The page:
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...and a bit mucky, after its operations in Afghanistan!Stylish, yet understated

Damien Burke was at Marham to welcome home the last operational Canberras of the RAF

September last year saw the last RAF flight of the Canberra T4; another step in the advancing retirement plans of the faithful Canberra force was made on 23 June 2006 when two PR9s returned from their last ever overseas deployment.

First flown in 1949, the Canberra entered service with the RAF in 1951, and the PR9 has been a valuable asset since 1958. Few types can match the Canberra's fifty-five years of constant service, and it looks increasingly like the Canberra will have a successor... but certainly not a replacement.

Canberra in frame
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Arriving over Marham in an impressively tight (and low!) formation with a pair of Tornados alongside, Canberras XH131 and XH135 certainly came home in style. With the RAF understandably tight-lipped on what they'd been up to, both aircraft wore temporary grey schemes over their usual hemp colour scheme, and looked well-worn. In striking contrast, the only other remaining PR9 - XH134 - wore its normal hemp scheme with striking artwork covering the entire fin. Made up of the winged bomb of 39 Squadron plus the squadron badges of other operators of the type, it is a stylish and understated piece of work - much like the aircraft itself.

The claustrophobic navigator's cockpit2005 and 2006 have not been good years for those of us enthused about British aviation - it seems the Canberra and 39 Squadron are just the latest in a long line of retiring types or disbanding squadrons. So, occasions such as this last return from operational flying are always bittersweet. There is always some levity - the eternal battle between TV crews and still photographers usually raises a grin - and Marham did not disappoint here. Particularly memorable was a Canberra navigator's response to the question "Will you miss flying the Canberra?"... "God no!" comes the emphatic response, as the shocked interviewer realises that a guy stuck in a little cramped space in the nose for the last three hours is probably only too happy to be standing in the sun for a bit!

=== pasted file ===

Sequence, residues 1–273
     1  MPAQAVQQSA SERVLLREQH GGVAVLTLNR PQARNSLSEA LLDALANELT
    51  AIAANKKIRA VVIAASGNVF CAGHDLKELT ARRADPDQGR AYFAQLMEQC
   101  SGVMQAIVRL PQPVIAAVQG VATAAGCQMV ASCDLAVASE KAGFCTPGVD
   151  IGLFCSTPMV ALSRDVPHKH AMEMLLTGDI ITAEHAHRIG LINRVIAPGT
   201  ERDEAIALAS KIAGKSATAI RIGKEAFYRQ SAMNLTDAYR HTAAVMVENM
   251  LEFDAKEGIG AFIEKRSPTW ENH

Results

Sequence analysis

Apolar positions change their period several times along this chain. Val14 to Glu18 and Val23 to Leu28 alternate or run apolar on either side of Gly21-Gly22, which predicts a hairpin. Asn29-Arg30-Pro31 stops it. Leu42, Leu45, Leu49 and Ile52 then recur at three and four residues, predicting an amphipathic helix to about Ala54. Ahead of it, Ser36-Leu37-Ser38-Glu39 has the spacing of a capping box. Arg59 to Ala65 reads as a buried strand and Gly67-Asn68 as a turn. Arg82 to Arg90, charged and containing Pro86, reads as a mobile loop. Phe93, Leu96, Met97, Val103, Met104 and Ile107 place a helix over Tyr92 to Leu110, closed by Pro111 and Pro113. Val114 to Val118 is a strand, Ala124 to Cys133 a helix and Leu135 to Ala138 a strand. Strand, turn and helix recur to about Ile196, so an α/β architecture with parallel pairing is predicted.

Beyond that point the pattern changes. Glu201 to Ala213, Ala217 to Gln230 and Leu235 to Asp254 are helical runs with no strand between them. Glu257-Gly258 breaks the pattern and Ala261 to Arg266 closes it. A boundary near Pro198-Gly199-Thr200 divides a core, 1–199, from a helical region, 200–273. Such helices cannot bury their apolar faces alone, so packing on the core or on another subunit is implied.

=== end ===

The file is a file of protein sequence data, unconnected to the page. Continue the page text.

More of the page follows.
So what happened to the T4?
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As reported back in September,
T4 WJ874 was retired well in advance of her PR9 cousins. Thankfully she didn't get sold for scrap - instead Air Atlantique purchased her, and she carried out one final flight on RAF charge a couple of months later, being delivered to Air Atlantique's base at Coventry. AA hope to get her back in the air and on the display circuit at some point in the near future.

The crews returning the aircraft to Blighty for the last time were pilots Flight Lieutenants Ronnie Fairbrother and Mike Leckey and navigators Squadron Leader Winny Winwright and Flight Lieutenant Colin "Deep Fat" Fryer. Posing for group End of an eraphotos after three hours in the saddle, it was remarkable how long they lasted before the exclamation "Bored now!" rang out across the tarmac.

The aircrew and engineers on 39 are fond of their charges, but realistic about the retirement. Yes, they could go on and serve for some time yet, but life is getting harder and harder for the old girls with spares ever more difficult to source. Some Squadron personnel will retire along with the PR9s (notably the RAF's oldest pilot - Squadron Leader Terry Cairns, bailing out early at mere 61 years of age); others will move on to desk jobs, and a few to other squadrons and aircraft types. 39 Squadron (1 PRU) will disband and fly their final sortie on 28 July, with the Squadron standard to be laid up in St. Clement Danes Church on the Strand. Before then the public will have their last chance to say goodbye to the type at the Waddington and RIAT airshows, where one is expected to take part in the flying display with another on static display. This display is to include some of the reconnaissance equipment that was classified up until just a few days ago.

As I walk away from the three remaining Canberras of 39 Squadron, I wonder if, back in 1949, English Electric had any idea what a bargain they were about to sell to the RAF... and why, forty-eight years after the PR9 entered service, we haven't managed to produce anything that can do the same job!

 

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